Expert Health Articles

Obstructive Sleep Apnea

Snoring is a loud, harsh sound that occurs when the movement of air in the throat causes the throat tissues to vibrate, specifically during sleep when muscles relax and the throat narrows. While snoring itself does not typically cause medical problems, snoring is often associated with obstructive sleep apnea, which is a serious medical condition and is considered a "silent" killer.


Obstructive sleep apnea, or OSA, is a chronic medical condition characterized by pauses in breathing or shallow breathing during sleep. Individuals with OSA can stop breathing for 10 seconds or more, even up to 1-2 minutes. This causes the oxygen level to fall, which then briefly awakens one so they can breathe. Most of the time, the person falls back asleep quickly and does not remember the event. Others will awaken with the sensation of gasping or choking or will turn in bed. In severe OSA, this can happen once every other minute throughout their night's sleep.


You may think, "I have OSA, but what is the big deal?" A poor night's sleep can lead to many short-term consequences, but it can also lead to long-term problems. This includes difficulty concentrating, which leads to an increased risk of accidents. This includes driving, and those with OSA are three times more likely to be involved in a major car accident. In addition, those with OSA have an increased risk for heart attack, high blood pressure, abnormal heart rhythm, stroke, lung disease, diabetes and high cholesterol. These medical conditions represent 5 of the top 7 leading causes of death in the United States. Due to its indirect effects, OSA is referred to as the "silent" killer. Fortunately, these risks typically occur from years of untreated OSA, and therefore it is important to get treatment as soon as possible to reduce those risks.


The main symptoms of OSA are loud snoring, fatigue, and daytime tiredness. Other symptoms may include low energy, difficulty concentrating, memory impairment, feeling unrested, and morning headaches. However, some individuals have no symptoms. Particularly, those without a bed partner often are not aware of their snoring.


So, how do you get diagnosed with OSA? The diagnosis of OSA is made with a sleep study. There are two main types of sleep studies: home sleep study and in-center sleep study. Over the last decade, home sleep studies have made it much easier for many to get diagnosed with sleep apnea while sleeping in the comfort of one's own bed.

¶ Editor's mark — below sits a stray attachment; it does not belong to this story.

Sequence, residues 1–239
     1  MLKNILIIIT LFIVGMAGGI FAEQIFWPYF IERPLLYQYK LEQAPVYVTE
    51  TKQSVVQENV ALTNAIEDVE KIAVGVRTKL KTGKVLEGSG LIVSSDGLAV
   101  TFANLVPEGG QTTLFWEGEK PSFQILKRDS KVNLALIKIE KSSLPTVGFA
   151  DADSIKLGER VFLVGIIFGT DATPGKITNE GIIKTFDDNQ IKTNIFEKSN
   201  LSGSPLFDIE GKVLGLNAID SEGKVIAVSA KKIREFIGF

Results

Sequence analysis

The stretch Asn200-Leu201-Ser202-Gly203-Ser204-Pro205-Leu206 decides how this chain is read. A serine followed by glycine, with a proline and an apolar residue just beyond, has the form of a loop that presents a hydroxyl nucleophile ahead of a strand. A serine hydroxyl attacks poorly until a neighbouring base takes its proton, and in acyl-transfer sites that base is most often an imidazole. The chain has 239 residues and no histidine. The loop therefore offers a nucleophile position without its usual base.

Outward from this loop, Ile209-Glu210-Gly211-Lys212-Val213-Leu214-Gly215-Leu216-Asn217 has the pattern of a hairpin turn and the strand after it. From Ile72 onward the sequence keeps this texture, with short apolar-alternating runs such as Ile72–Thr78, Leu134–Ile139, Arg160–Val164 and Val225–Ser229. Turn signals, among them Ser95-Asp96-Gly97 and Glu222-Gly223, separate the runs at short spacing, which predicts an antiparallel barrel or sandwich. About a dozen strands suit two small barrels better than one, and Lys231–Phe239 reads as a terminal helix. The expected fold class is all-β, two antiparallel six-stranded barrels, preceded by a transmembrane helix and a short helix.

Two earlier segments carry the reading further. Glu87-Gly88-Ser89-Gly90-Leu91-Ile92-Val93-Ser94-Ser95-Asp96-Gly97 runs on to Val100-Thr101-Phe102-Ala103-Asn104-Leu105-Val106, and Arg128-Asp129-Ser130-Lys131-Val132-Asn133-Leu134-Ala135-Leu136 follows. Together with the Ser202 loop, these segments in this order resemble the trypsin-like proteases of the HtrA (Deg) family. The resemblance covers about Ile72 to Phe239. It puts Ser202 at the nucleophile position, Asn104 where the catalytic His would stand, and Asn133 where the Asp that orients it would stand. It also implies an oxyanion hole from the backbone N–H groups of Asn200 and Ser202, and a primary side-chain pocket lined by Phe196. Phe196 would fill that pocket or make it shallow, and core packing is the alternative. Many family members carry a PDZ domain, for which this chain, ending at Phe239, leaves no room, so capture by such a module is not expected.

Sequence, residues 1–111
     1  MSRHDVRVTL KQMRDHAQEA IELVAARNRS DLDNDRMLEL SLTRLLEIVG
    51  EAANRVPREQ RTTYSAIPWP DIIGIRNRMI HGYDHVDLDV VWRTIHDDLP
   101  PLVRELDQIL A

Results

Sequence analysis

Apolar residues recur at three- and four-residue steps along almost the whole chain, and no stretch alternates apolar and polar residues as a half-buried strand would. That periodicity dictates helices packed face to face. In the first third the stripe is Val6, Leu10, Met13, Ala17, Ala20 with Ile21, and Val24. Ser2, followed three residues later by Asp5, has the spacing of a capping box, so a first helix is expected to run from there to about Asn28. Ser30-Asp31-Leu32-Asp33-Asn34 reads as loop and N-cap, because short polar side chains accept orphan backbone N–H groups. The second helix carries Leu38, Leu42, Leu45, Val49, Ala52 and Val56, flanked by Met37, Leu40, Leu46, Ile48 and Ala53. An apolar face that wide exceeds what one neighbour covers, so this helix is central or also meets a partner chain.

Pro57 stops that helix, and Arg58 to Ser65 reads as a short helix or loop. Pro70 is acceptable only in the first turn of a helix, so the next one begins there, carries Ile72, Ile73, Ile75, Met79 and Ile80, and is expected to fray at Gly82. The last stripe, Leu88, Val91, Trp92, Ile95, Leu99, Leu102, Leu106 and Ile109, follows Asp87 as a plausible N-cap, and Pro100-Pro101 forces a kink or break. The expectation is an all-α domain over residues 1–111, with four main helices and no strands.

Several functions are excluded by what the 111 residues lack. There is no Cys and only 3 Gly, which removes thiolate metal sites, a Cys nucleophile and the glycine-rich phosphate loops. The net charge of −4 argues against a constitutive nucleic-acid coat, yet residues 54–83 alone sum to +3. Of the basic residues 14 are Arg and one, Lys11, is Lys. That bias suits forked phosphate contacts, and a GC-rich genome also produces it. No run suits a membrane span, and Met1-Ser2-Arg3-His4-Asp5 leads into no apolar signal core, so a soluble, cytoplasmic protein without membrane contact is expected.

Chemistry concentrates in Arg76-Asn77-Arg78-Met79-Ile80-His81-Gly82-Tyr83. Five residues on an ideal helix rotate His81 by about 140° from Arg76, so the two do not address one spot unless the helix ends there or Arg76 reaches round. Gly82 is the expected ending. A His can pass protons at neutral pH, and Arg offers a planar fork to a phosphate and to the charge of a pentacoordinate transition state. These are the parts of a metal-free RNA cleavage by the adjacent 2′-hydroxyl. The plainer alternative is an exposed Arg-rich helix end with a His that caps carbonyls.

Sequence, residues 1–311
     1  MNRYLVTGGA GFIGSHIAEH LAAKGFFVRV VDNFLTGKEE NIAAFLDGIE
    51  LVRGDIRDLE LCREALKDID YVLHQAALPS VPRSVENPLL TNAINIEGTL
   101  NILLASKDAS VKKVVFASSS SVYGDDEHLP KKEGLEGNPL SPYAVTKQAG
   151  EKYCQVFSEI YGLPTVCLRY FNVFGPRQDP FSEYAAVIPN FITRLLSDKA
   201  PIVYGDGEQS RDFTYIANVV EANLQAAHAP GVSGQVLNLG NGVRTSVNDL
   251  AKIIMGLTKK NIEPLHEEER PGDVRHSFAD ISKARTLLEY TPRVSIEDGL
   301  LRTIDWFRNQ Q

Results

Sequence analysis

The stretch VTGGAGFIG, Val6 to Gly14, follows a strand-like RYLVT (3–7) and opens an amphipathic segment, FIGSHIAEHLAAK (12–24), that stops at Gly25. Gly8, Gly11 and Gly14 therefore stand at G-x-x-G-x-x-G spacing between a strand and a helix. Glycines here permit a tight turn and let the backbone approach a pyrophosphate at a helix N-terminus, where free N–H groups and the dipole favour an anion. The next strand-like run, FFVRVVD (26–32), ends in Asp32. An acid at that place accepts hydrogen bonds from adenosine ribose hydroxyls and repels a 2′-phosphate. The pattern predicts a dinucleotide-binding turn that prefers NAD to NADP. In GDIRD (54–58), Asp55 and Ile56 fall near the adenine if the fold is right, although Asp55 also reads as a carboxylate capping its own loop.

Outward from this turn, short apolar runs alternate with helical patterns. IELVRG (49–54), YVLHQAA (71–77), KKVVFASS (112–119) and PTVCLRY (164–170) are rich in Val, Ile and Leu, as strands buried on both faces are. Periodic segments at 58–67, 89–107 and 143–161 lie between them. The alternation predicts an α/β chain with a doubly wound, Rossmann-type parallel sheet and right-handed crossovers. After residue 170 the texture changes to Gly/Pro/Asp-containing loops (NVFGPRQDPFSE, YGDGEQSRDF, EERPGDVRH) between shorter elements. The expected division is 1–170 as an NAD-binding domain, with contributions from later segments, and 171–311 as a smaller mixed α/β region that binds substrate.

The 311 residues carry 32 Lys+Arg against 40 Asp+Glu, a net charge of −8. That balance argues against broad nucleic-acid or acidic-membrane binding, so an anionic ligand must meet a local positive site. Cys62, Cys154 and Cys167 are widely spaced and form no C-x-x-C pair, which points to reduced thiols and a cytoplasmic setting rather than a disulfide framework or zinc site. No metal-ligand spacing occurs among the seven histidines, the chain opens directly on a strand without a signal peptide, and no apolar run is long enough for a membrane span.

The goal of the treatment for OSA is to open the airway during sleep. This can be accomplished using a mechanical device called continuous positive airway pressure, or CPAP, which keeps the airway open by applying air pressure. This is like a Flexi Hose - the hose is normally collapsed, but when there is pressure like water or air, the hose opens. With CPAP, a mask is worn over the nose or mouth or both when sleeping. In addition to CPAP, sleep position and weight loss can be helpful. Avoiding alcohol and sedatives can also reduce the severity of OSA.


If one does not tolerate CPAP, which means that one is using CPAP fewer than 4 hours per night or using fewer than five days per week, then there may be surgical options. Depending on where the airway is narrowed, it may be possible to be addressed with surgery. Surgery can include surgery to improve nasal breathing, surgery on the palate, throat, or tongue, or surgery on the neck. Another option is a dental appliance that fits on the teeth like a retainer but shifts the jaw forward, which pulls the tongue.


For those who do not tolerate CPAP, Inspire hypoglossal nerve stimulator may be an option. This is like a pacemaker that sends out a small electrical stimulus to the tongue nerve. This causes the tongue to stiffen, which opens the back of the throat. The amount of stimulus is adjusted accordingly, so it relieves the airway obstruction to provide good sleep but does not awaken the individual. This device is turned on immediately before bed, and then after a full night's sleep, this device is turned off, and then one goes on with their normal, well-rested day. 94% of patients are satisfied with Inspire and would recommend it.


If you think you may have OSA or do not tolerate CPAP, discuss with your family doctor to see if you should be referred to see a sleep specialist. If you do not tolerate CPAP, consult your family doctor or sleep specialist to see if there is anything else that can be done to help. If you do not tolerate CPAP and are interested in surgical options, see your local ENT doctor.


Tom Zhou, MD


ENT Specialists of Northwest Ohio